- Increased tone and proprioception in the postural muscles — once learned, the ability to hold the trunk and core stable in vigorous movements is easily retained.
This distinction in neurological development from extended base training is important because, as anyone who has taken a layoff from physical activity knows, peak fitness is fleeting but basic physical skills are very persistent and allow a fairly detrained individual (say a former football player or track athlete) to return to a fairly decent level of athletic ability compared to a person without an extended training background. Once you’ve been strong, you “know” what it feels like. Once you have developed endurance, you understand how to pace yourself. Once you have truly ingrained the skill of a movement, it is like riding a bike, you never really forget. But lasting adaptations take time to develop.
In cycling, the truism is Miles on the Bike is Money in the Bank, but most commercially available fitness memes are not built on this. Like most things in our culture, fast results and innovation is revered, high accomplishment equals credibility but we are rarely given the whole story. This is why, when considering the training programs of accomplished athletes, or the newest training template/eBook, ask yourself, “if this is what this athlete is doing now, what were they doing 10 years ago?” Nine out of ten times it is going to be a similar answer for similar ranges of athletes. Endurance athletes were putting in miles, (lots of them) at moderate tempos. Strength athletes were lifting and practicing their sport skills; ball athletes were scrimmaging, playing pick-up games and working on ball handling skills. All these accomplished athletes were building up core competencies in the Basic abilities they needed to do a sport. Just like investing, once you’ve built some working capital, it becomes very easy to take that accrued potential and turn it to something else.
Now it’s true that at higher levels of athleticism, Training adaptations are highly specific. This means that training for strength will optimally improve strength while training for endurance will optimally improve endurance. The degree of “transferability” will vary from one activity to another. In highly fit individuals, adaptations require highly specific training to make measurable progress. For most of the rest of us, specificity of training is less important than the depth of improvement (the amount invested) in a given discipline.
So … What is Your Base?
So you’re like most Americans. You didn’t save enough when you were young. You’re not an athlete, you’re a generalist, you just want to be “fit enough” to play the sports you want, enjoy some athleticism and camaraderie and not get hurt. What now?
This is the beauty and the curse of being a beginner. If you haven’t built up your base, you need to put the bulk of your time (let’s be explicit and say 80% of your training volume) into really developing abilities that take the longest to build: Strength and Endurance. For strength, it is simple: squat, press, pull and carry heavy weights. For conditioning it means move your body for extended periods, row cycle, run, walk, hike. For reasons that are outside the scope of this piece, the ability to go hard for short periods of time (an ability neatly termed strength endurance) can be developed to fairly high levels in very short periods of time.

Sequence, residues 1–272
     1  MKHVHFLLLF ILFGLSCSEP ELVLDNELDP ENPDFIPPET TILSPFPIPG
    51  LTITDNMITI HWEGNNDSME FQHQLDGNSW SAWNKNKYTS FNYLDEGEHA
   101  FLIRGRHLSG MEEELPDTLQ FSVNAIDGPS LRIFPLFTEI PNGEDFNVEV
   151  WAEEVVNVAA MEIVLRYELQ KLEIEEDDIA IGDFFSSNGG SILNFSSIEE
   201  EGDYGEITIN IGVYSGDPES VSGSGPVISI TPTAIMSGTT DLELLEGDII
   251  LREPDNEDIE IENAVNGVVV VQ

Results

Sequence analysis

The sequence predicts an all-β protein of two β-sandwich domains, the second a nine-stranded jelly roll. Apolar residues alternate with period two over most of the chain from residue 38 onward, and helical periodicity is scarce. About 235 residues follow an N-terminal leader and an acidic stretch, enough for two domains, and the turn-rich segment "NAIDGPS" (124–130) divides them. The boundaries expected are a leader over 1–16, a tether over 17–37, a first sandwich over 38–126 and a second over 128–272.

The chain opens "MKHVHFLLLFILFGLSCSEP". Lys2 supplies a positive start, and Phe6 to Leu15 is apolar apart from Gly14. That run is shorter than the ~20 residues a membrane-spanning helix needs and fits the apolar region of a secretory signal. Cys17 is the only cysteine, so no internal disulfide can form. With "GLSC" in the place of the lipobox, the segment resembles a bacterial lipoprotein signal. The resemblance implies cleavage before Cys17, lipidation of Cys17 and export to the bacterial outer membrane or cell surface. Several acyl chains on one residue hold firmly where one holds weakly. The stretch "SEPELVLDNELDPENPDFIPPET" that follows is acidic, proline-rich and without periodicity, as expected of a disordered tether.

So the basics of Base training sound like the goal of any commercial training programs. How is base training different from any other canned approach like crossfit? The answer is Time. Dedicated practice in the basic strength lifts will take a year or better for many people to surpass even novice levels of strength. The adaptations derived from running or low steady distance training are not reached in 6 months or even a year, it is a multi-year process. This is not to say that general fitness activities, workouts of couplets and triplets of bodyweight exercises, or high intensity cardio don’t have a place or a value. The point is that the value of these activities can’t really be realized until there is a substantial base of strength and endurance in place. This means, that to get where most people want to go, they need to start with a narrow focus and focus on moving well beyond novice levels of ability to provoke long term mechanical and neuromuscular adaption. In this way developing Base is not a program, it’s a lifelong pursuit.
In short, base can be seen as the sum total of your lifetime practice. If your total is low, the best way to raise it is to focus specifically on building it up. Get much stronger in a few movements, building an aerobic Base by significantly extending range of distance, practicing full body skilled movement: yoga, judo, tennis, baseball, even ping pong. This approach will get you further, faster than dabbling in many things at once. With a sound base, your options for exercise, play and competition increase exponentially without the accompanying risk of injury or burnout. Take your time and focus. You only have one body and a lifetime of possibility.
To understand one thing well is better than understanding many things by halves – Goethe